Ask my wife - I'm not your average dissident. Show me a rule and I'll want to stay this side of it. So it's not in my nature to be standing in front of the BPMN steamroller. But there is something disturbing about the way in which BPMN is heading for a landslide victory.
BPMN V2.0 is set for release next month. The big vendors are training their consultant cohorts in BPMN [and thereby able to re-brand their plain old 'Application Consultants' as 'Business Improvement Consultants']. The large SIs are investing in BPMN practices. Industry commentators are joining in to trumpet the praises of BPMN. It's a gold rush.
My earlier posts on BPMN drew a lot of fire. Why am I staring down the barrel again? What could possibly be the problem? Isn't this the answer we've been seeking for so long? After all, one of the key stated aims of the OMG, the creators of BPMN, is to bridge the IT:Business divide:
"...to provide a notation that is readily understandable by all business users, from the business analysts that create the initial drafts of the processes, to the technical developers responsible for implementing the technology that will perform those processes, and finally, to the business people who will manage and monitor those processes."
I think we are drifting towards a consensus about BPMN that will surely take us backwards. And CIOs have an absolutely critical role to play in navigating this.
Vendors and consultants are heavily invested in BPMN. For many, who are tech-savvy, it's what they understand. It's robust, it's integrated, it's a bit academic - it presses all their buttons.
But the idea that BPMN can be a common language for business and IT is a delusion.
BPMN is the language of IT. The BPMN V2.0 spec is 496 pages. It's complex - and needs to be because its eventual purpose is to create executable code. It has 63 Event symbols and 8 Gateway symbols. It has not just swimlanes but pools as well, and even the concept of a collapsed pool. And in BPMN, tiny variations in the way something is drawn can fundamentally change its meaning. No way is this a language for the business.
To be fair:
- authors like Bruce Silver have tried to translate BPMN V2.0 into something that might work in practice. But even his reduced palette of BPMN symbols - 'Descriptive BPMN' - is imho far too rigorous for business process stakeholders, and totally implausible as a means of reaching process end-users.
- many commentators and consultants embrace BPMN but recognise its flaws as a language for the business, and so feel free to be 'flexible' in how they use it - simplfying and adding new symbols if necessary to make it work.
But these attempts to make BPMN work in the world of business reality surely just demonstrate its limitations. If BPMN is actually the language that can bridge the IT:Business divide, it shouldn't need this. At some point it must become so simplified and 'flexible' that it's not a useful language for anyone. It won't be intuitive enough for the process stakeholder and end-user, or rigorous enough for the business analyst.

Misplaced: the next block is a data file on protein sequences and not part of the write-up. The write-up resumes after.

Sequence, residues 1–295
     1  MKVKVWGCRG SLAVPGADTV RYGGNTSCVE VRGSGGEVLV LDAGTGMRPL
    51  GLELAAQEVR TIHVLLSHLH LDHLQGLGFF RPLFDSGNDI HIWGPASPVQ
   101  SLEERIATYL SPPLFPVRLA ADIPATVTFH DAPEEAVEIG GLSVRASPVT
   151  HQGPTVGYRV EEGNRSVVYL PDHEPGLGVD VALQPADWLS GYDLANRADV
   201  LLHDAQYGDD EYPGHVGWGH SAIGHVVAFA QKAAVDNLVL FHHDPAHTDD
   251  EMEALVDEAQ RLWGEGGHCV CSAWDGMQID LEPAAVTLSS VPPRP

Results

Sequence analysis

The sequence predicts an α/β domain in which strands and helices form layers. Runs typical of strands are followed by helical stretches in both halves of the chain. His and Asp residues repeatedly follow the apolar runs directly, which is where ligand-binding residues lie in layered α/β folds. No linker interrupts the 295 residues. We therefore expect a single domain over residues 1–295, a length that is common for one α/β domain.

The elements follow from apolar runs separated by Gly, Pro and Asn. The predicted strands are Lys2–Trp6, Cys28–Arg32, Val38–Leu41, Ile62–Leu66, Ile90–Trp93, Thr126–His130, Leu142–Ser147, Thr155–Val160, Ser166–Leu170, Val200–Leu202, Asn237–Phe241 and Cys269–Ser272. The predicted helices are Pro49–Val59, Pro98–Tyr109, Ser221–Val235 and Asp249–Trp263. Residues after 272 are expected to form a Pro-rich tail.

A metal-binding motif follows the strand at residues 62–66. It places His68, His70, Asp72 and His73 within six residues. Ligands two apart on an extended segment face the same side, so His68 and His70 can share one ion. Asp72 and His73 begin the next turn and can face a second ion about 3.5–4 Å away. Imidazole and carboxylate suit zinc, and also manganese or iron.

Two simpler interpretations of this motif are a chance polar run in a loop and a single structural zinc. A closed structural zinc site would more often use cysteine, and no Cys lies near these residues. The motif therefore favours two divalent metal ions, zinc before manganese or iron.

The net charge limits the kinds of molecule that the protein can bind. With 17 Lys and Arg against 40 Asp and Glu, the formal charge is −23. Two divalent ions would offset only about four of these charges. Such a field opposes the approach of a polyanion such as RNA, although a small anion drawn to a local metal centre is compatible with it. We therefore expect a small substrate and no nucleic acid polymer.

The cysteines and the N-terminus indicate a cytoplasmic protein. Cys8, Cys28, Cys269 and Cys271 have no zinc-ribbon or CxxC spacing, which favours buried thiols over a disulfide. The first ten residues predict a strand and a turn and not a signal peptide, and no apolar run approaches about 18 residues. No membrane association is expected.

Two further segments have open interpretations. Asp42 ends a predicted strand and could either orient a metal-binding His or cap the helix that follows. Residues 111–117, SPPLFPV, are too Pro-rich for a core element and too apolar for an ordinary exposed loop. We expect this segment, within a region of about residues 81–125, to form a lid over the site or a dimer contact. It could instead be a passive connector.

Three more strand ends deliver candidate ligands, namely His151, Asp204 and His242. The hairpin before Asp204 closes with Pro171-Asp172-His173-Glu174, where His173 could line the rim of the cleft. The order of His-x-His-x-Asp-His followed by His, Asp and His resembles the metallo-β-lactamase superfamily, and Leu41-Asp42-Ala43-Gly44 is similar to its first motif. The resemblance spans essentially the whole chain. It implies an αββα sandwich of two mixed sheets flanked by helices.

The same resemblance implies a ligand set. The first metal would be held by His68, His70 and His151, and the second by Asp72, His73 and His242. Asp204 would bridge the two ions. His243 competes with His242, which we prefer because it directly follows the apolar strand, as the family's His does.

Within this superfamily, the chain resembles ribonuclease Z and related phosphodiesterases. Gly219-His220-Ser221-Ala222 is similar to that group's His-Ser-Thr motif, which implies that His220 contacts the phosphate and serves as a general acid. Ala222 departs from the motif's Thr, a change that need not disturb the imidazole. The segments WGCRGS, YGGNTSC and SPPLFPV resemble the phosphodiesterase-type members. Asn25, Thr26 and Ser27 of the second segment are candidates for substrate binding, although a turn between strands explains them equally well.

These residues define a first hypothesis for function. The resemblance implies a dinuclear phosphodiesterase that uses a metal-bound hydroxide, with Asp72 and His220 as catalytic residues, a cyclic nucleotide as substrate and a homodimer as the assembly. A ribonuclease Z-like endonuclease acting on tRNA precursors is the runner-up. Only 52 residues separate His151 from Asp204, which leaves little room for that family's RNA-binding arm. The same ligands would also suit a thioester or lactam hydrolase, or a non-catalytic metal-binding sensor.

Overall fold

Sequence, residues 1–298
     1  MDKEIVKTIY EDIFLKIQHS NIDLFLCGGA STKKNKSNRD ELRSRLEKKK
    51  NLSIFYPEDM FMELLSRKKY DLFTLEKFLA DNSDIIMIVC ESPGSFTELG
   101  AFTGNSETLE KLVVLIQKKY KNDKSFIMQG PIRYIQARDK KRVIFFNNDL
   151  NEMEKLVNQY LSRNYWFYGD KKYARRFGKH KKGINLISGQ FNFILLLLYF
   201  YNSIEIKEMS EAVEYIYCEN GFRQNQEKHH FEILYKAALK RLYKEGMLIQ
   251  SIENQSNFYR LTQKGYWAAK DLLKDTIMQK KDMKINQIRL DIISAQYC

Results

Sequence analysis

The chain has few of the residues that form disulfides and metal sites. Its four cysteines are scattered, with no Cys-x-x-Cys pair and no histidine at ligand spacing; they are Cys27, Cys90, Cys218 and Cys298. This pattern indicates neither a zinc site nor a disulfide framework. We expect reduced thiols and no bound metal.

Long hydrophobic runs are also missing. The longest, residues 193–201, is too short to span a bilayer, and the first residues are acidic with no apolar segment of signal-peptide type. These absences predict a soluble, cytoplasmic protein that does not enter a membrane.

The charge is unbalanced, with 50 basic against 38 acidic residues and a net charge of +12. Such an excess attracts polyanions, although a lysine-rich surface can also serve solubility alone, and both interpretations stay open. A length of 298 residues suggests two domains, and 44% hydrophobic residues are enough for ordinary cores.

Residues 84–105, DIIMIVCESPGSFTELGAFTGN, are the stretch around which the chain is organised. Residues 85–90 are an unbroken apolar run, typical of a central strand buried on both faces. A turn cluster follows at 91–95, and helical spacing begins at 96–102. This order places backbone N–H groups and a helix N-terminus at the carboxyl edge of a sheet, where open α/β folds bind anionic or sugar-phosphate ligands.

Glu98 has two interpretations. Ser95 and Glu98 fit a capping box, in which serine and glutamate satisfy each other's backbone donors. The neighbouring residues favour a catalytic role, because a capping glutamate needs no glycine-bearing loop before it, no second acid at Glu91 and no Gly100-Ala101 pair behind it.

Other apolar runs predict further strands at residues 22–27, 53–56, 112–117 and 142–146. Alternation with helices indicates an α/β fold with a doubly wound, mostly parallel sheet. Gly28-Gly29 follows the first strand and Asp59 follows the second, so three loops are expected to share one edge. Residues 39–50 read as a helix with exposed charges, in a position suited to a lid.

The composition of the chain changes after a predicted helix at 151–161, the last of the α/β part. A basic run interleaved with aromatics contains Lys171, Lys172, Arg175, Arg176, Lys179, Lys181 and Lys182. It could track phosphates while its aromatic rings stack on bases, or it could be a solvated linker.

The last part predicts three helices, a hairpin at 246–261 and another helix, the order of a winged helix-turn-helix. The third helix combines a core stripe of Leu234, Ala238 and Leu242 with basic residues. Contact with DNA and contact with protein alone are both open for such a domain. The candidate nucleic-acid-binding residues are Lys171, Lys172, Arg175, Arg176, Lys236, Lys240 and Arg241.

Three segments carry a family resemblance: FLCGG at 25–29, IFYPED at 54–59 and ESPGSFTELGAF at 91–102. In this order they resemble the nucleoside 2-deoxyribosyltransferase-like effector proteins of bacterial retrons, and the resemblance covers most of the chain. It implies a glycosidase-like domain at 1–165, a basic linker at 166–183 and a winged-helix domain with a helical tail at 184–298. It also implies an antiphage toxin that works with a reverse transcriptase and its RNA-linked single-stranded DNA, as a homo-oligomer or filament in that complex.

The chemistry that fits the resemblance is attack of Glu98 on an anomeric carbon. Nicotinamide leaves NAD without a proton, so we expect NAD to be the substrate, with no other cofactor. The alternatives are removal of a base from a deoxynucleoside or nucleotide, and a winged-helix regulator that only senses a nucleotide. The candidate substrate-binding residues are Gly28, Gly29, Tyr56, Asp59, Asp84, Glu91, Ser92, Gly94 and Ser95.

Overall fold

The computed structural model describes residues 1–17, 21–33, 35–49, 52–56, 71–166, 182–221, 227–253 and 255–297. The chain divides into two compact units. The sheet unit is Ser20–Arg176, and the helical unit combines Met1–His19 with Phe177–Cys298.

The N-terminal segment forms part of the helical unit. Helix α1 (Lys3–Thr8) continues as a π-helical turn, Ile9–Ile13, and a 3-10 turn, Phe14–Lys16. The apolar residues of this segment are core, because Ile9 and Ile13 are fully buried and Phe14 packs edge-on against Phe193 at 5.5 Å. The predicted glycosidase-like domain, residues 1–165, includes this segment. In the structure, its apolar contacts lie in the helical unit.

Separately but equally important, BPMN is 'governance lite'. It was never designed to couple end-to-end business processes with risk management and business controls, within an operational governance framework. And it's hardly built with continuous improvement in mind either.
We're down to the wisdom of CIOs. They are being prompted by vendors, consultants and their own people to get on the BPMN bandwagon and declare a commitment. They have C-Level peers asking 'What is our BPMN strategy?'. They are under pressure to buy the dream and have an ambitious BPMN strategy.
But the best CIOs know that effective communication is the biggest single issue, and a fundamental cause of IT failures. The question that they will be asking of this new notation is this:
Will BPMN help me collaborate with the business?
And the answer must surely always be 'No'.
BPMN has value within IT, maybe even high value. BPMN may be good for compositional work at the design stage. It is a natural language for reference models in the Enterprise Architecture domain. It may make sense to develop a hybrid process model of the enterprise with the lowest levels of the model, unseen by stakeholders and end-users, in BPMN.
But any organization looking to adopt BPMN as a universal language that can bridge the IT:Business divide is riding for a fall. And I'll offer two data points to support this:
- A global manufacturer and Nimbus client ran an exhaustive evaluation of tools to support its global BPM strategy. At that time, they saw BPMN as hugely important. It was central to both their RFP and the subsequent Proof of Concept. But, as they investigated further, their thinking shifted. Now, eighteen months after that evaluation and selection [and despite the fact that it is supported in Nimbus Control], BPMN has never in fact been used, nor are there any plans to do so.
- As a colleague put it: if BPMN is the answer now, then how come, after many years when ARIS has been the dominant market player, the ARIS EPC notation has never been embraced as a language that the business understands? After all, independent evaluations seem to confirm that EPC is a richer and more capable notation than BPMN - but, despite the prevalence of ARIS in the IT world for so long, the EPC notation still meets resistance from the business stakeholders, and mystifies process end users.
This is another example of where CIOs earn their salaries. Theirs it is to resist the easy option. They will want to cut through the BPMN hype, embrace what is valuable, and resist the waste of time and resources that will result from following the crowd. They know that business process is the right framework, and that further development of BPMN has value - but no way is BPMN the right language to engage and orchestrate the business.
Previous posts in this vein: